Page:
Download This Article

Asjeet S. Lamba, Geof Stapledon



Diffuse share ownership is not as pronounced in the U.S. as many would assume. This has led to a body of research examining large shareholders, or blockholders. Issues addressed include whether firms with a blockholder perform better or worse than widely-held firms; whether firms with a blockholder pay their executives differently to widely-held firms; and whether the presence of a blockholder increases or decreases the incidence takeovers. Another issue, which this paper explores, is what motivates block share ownership. Bebchuk (1999a, 1999b) develops a model which predicts that a firm is more likely to have a controlling blockholder if the anticipated private benefits of control at that firm are comparatively large. This paper examines the factors associated with ownership structure among publicly traded Australian firms. Our results indicate that private benefits of control are a significant factor in explaining the differences in ownership structure among Australian firms. As importantly, we also find that the relationship between the existence of a blockholder and private benefits of control is endogenous. That is, the presence of a controlling blockholder strongly influences the prevalence of these private benefits of control.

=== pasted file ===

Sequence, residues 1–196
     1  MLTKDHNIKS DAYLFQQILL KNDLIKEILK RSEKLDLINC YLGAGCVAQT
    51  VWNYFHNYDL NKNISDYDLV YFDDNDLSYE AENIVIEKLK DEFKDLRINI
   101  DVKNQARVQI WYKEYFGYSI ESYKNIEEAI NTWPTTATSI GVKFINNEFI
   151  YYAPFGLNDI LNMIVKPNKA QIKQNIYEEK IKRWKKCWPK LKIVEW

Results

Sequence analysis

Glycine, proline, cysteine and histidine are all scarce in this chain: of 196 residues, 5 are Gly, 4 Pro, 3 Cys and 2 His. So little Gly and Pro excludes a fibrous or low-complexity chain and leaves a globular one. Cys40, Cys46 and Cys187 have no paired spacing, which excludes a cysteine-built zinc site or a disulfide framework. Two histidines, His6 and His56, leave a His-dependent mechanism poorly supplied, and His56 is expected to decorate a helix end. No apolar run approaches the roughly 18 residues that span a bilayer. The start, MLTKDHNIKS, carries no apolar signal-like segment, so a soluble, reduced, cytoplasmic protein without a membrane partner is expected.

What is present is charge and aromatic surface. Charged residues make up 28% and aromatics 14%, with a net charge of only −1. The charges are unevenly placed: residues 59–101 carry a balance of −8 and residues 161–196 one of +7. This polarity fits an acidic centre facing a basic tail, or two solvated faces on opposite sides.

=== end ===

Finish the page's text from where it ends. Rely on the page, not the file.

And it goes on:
Keywords: Corporate Governance, Blockholders, Related Party Transactions, Australia, Simultaneous Equations

How to cite this paper: Lamba, A. S., & Stapledon, G. (2014). What motivates block share ownership? Corporate Ownership & Control, 11(2-4), 349-363. http://doi.org/10.22495/cocv11i2c4p1